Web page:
She sighed to herself--wishing was of no real use--and turned to go back into the inner court.
She gasped and jumped back when she ran straight into a large Kana warrior dressed in full battle armor. He glared at her fiercely, purple lappets swinging; she ducked her head and backed away as he and his men--four of them--stomped past, swords clattering, out of the palace. She could hear them descending the steps, and let out her breath shakily, leaning against a column and sliding to the floor.
That had been close, though she wasn't sure why. She hadn't actually been doing anything wrong--just looking around--but in this place, with the Kana for company, she felt anything she might do would be under suspicion. She'd have to limit her wandering from now on.
She started to stand up--only to see something lying nearby, something cylindrical. Puzzled, she reached out to pick it up, and stiff papyrus crinkled in her hand.
Hetepet leaned back and unrolled it. A second scroll fell out, and she unrolled it as well and looked at it.
It was a sketched layout of the temple. Red ink marked the entrances, even the ones most people didn't know existed. Hetepet was certain only she, Hekanakht, and a few other scribes knew of them. So how could the Kana?
And why would they want to know, anyway?
She put it aside and examined the second one. She couldn't help but feel a slight thrill of pleasure to find that it was filled with lines of writing. Writing! Her eyes scoured over the hieratic characters. If she could read this thing for Hekanakht, no way he'd keep her stuck practicing basic lettering with the twelve-year-old boys.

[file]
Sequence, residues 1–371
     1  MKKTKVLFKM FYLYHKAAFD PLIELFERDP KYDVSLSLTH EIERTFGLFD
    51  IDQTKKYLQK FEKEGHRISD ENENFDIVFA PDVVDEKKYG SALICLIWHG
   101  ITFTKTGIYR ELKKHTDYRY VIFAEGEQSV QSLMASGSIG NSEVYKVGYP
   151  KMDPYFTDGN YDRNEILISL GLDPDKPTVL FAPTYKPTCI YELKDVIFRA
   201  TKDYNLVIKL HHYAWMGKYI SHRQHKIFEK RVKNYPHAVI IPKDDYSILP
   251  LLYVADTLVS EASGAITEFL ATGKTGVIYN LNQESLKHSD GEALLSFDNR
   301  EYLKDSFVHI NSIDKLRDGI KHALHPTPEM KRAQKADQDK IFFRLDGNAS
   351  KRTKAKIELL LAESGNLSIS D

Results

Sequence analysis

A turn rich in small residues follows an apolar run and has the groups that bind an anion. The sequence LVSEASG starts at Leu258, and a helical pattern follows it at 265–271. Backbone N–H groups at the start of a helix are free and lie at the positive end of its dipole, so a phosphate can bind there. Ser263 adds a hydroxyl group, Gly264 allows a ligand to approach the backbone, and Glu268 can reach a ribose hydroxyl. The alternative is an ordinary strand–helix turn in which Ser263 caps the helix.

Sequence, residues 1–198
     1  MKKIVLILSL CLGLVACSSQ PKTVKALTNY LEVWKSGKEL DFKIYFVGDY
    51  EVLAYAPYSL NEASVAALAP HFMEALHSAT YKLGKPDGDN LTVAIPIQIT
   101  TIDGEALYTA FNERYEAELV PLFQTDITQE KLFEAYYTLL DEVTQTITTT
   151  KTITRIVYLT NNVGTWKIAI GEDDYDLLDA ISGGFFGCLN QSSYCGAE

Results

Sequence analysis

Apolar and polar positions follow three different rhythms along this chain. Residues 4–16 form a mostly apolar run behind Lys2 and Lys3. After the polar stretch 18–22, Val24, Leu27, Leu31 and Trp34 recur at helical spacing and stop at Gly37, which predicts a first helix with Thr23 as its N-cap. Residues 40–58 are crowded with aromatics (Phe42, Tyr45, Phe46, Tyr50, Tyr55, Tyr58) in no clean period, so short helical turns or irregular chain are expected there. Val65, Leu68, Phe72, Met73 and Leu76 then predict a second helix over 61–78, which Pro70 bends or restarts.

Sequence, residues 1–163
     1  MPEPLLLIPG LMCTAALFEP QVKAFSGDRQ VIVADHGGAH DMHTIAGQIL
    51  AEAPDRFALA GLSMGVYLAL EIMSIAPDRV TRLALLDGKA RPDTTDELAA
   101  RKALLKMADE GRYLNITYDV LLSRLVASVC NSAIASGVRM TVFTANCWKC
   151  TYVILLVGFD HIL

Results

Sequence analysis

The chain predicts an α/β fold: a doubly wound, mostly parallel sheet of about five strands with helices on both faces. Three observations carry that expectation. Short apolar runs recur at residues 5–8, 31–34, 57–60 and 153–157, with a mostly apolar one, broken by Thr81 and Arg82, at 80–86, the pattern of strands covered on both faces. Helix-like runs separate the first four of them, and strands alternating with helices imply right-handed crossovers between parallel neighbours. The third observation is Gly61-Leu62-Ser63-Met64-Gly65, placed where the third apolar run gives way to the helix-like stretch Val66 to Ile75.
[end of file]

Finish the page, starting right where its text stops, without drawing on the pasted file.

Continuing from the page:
She stood, taking it into the relative privacy of the north court, sitting on a stone bench and studying the first characters. Letters, words, and sentences slowly formed in her head. Her excitement grew as more of the message came untangled before her eyes. At last those lessons were doing some good.
That excitement started to wane, however, slowly being replaced by dread as she read on and the full meaning of what she was seeing made itself clear. This was no simple story or missive, not even a magical incantation. These were plans, corresponding to the second scroll and its diagram. These were orders for the destruction of the temple.
She took in a breath and let the scroll snap shut. Destruction! The temple! It was the only place they had left. Worse yet, her brother lived there!
Placing the scrolls together again, she hurried into the hall and set them where she'd found them, where the Kana had dropped them. She couldn't let the Apsiu know she'd seen them, not if she hoped to warn her brother in time. She turned to the entrance.
I suppose this is a matter of the utmost urgency now.
Her heart fluttering, hoping the Kana hadn't yet headed for the temple, she ran out of the palace and turned south. She prayed Hekanakht was still there.
Five ships sailed rapidly but sedately down the river, heading north and toward the city. On the lead ship, Horus stood in the prow, slitting his eyes against the wind and watching the course before them. Upuat and Sobek prowled both sides of the ship, watching for the possible hippopotamus, even this far from the bank; Anubis manned the giant rudder oars, pulling the tillers side to side to steer the ship. As they neared the sharpest bend before the city the crews started crowding toward the front, the Apsiu growing restless. Horus could see them milling around anxiously, and turned his attention back north.
"It should come into sight soon," he said.